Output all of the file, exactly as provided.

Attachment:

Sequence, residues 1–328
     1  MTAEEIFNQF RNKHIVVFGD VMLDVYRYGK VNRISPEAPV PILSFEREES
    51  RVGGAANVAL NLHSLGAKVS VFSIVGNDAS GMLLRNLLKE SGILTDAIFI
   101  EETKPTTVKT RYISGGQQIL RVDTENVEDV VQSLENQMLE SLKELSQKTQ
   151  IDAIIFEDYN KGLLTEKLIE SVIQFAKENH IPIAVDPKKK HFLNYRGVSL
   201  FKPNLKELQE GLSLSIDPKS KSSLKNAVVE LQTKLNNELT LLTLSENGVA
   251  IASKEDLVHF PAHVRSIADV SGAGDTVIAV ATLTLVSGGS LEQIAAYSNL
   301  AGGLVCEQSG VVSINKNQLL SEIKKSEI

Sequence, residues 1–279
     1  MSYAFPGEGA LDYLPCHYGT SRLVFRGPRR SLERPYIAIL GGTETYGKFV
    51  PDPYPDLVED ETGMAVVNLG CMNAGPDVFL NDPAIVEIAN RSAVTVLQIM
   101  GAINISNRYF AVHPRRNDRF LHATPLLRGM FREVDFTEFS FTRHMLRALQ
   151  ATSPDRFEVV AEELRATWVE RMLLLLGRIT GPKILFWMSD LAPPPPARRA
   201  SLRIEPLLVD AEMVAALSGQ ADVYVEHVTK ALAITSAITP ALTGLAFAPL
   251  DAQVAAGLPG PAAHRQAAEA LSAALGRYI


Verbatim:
Sequence, residues 1–328
     1  MTAEEIFNQF RNKHIVVFGD VMLDVYRYGK VNRISPEAPV PILSFEREES
    51  RVGGAANVAL NLHSLGAKVS VFSIVGNDAS GMLLRNLLKE SGILTDAIFI
   101  EETKPTTVKT RYISGGQQIL RVDTENVEDV VQSLENQMLE SLKELSQKTQ
   151  IDAIIFEDYN KGLLTEKLIE SVIQFAKENH IPIAVDPKKK HFLNYRGVSL
   201  FKPNLKELQE GLSLSIDPKS KSSLKNAVVE LQTKLNNELT LLTLSENGVA
   251  IASKEDLVHF PAHVRSIADV SGAGDTVIAV ATLTLVSGGS LEQIAAYSNL
   301  AGGLVCEQSG VVSINKNQLL SEIKKSEI

Sequence, residues 1–279
     1  MSYAFPGEGA LDYLPCHYGT SRLVFRGPRR SLERPYIAIL GGTETYGKFV
    51  PDPYPDLVED ETGMAVVNLG CMNAGPDVFL NDPAIVEIAN RSAVTVLQIM
   101  GAINISNRYF AVHPRRNDRF LHATPLLRGM FREVDFTEFS FTRHMLRALQ
   151  ATSPDRFEVV AEELRATWVE RMLLLLGRIT GPKILFWMSD LAPPPPARRA
   201  SLRIEPLLVD AEMVAALSGQ ADVYVEHVTK ALAITSAITP ALTGLAFAPL
   251  DAQVAAGLPG PAAHRQAAEA LSAALGRYI